Third base: Uribe was hurt for much of 2011 and his offense suffered considerably as a result. After hitting 24 home runs for the San Francisco Giants in 2010, Uribe hit just 4 HRs for the Dodgers in 295 plate appearances. His .204 batting average was a career low.

Uribe’s season ended for good in early September when he had surgery for a sports hernia. The Dodgers need Uribe to bounce back in 2012 to something approaching his offensive output in 2009 and 2010 with the Giants. If not, they’ll be relying on Adam Kennedy. And as Eno Sarris noted a few weeks ago, Adam Kennedy relying on Kennedy for any sort of offensive output will leave you very disappointed.

Left field: I wrote about Juan Rivera right after he signed his two-year deal:

Rivera’s 2011 efforts at the plate continued a decline that had begun in 2010. His best seasons offensively were in 2006 and 2009 — both with the Angels — and separated by leg surgery that forced him to miss most of 2007. In 2006, his age-29 season, he posted a wOBA of .373 with an wRC+ of 125. In 2009, he had a wOBA of .348 and a wRC+ of 110.  But by 2010, Rivera’s wOBA had dropped to .314 with a wRC+ of 94. His final line in 2011 had his wOBA at .308 and his wRC+ at 96.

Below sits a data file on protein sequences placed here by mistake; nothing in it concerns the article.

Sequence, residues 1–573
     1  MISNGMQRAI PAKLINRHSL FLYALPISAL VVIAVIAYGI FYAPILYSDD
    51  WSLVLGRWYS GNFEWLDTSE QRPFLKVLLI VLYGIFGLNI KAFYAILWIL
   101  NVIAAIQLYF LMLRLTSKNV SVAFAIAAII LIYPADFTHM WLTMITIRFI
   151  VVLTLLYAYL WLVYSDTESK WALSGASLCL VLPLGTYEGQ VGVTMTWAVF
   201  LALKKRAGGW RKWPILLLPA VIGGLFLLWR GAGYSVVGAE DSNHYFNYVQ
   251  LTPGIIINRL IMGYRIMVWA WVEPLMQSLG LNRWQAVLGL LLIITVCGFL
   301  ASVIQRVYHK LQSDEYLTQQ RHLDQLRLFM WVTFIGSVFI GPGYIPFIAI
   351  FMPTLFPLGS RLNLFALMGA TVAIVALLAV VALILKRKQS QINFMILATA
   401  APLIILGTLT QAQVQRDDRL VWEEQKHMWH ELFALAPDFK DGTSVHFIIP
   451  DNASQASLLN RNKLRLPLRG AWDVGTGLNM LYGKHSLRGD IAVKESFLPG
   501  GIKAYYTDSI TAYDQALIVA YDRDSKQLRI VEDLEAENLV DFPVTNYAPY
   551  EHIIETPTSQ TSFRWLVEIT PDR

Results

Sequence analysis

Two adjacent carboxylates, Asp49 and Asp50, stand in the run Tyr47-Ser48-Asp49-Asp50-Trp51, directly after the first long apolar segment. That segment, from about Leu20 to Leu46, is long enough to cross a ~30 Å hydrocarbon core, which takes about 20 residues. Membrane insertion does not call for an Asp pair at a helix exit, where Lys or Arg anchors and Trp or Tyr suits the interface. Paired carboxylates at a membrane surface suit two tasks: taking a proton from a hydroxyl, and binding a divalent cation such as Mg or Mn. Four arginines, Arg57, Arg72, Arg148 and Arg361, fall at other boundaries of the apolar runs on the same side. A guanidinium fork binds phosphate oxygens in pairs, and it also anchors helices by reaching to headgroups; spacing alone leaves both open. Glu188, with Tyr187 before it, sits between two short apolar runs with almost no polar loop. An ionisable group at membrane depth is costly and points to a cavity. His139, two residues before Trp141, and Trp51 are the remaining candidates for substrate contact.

Tony Gwynn will be likely be the first outfielder off the bench, giving Rivera a chance to rest his aging leg. But Gwynn isn’t likely to provide more offensive firepower than Rivera. In 2010 and 2011, his wOBA was below .300 and his wRC+ averaged 81.

Center field: Kemp had an exceptional year in 2011, but it was coming off his worst offensive year in 2010. As my colleague Eno Sarris wrote after Kemp signed his eight-year contract extension in November, he is unlikely to repeat his 2011 performance, given is very high BABIP in 2011 (.380) and career high strike out rate. But Kemp will be an offensive force in 2012.

Right field: Ethier started off 2011 with a 30-game hitting streak, batting .380 in April. But he cooled off after that, ending the season with a slash of .292/.368/.421, a wOBA of .343 and a wRC+ of 119. Ethier endured a right knee injury for much of the season — which appeared to sap his power — and forced him to miss most of September. If Ethier’s knee is strong in 2012, I’d expect him to be the second most important contributor to the Dodgers’ offense, after Kemp. He’s also playing for a new contract, which should give him extra motivation.

Catcher: The catcher position provided almost no offensive help for the Dodgers in 2011. Rod Barajas and Dionner Navarro combined for a .284 wOBA in 529 plate appearances. The bright spot was A.J. Ellis, who posted a .346 wOBA and a 121 wRC+ in only 103 PAs. Ellis should get the majority of the playing time in 2012, backed up by veteran Matt Treanor. Whatever Ellis and Treanor produce is likely to be more than what Barajas and Navarro mustered in 2012.

So it’s Kemp and Ethier and who knows what else for the Dodgers’ offense in 2012.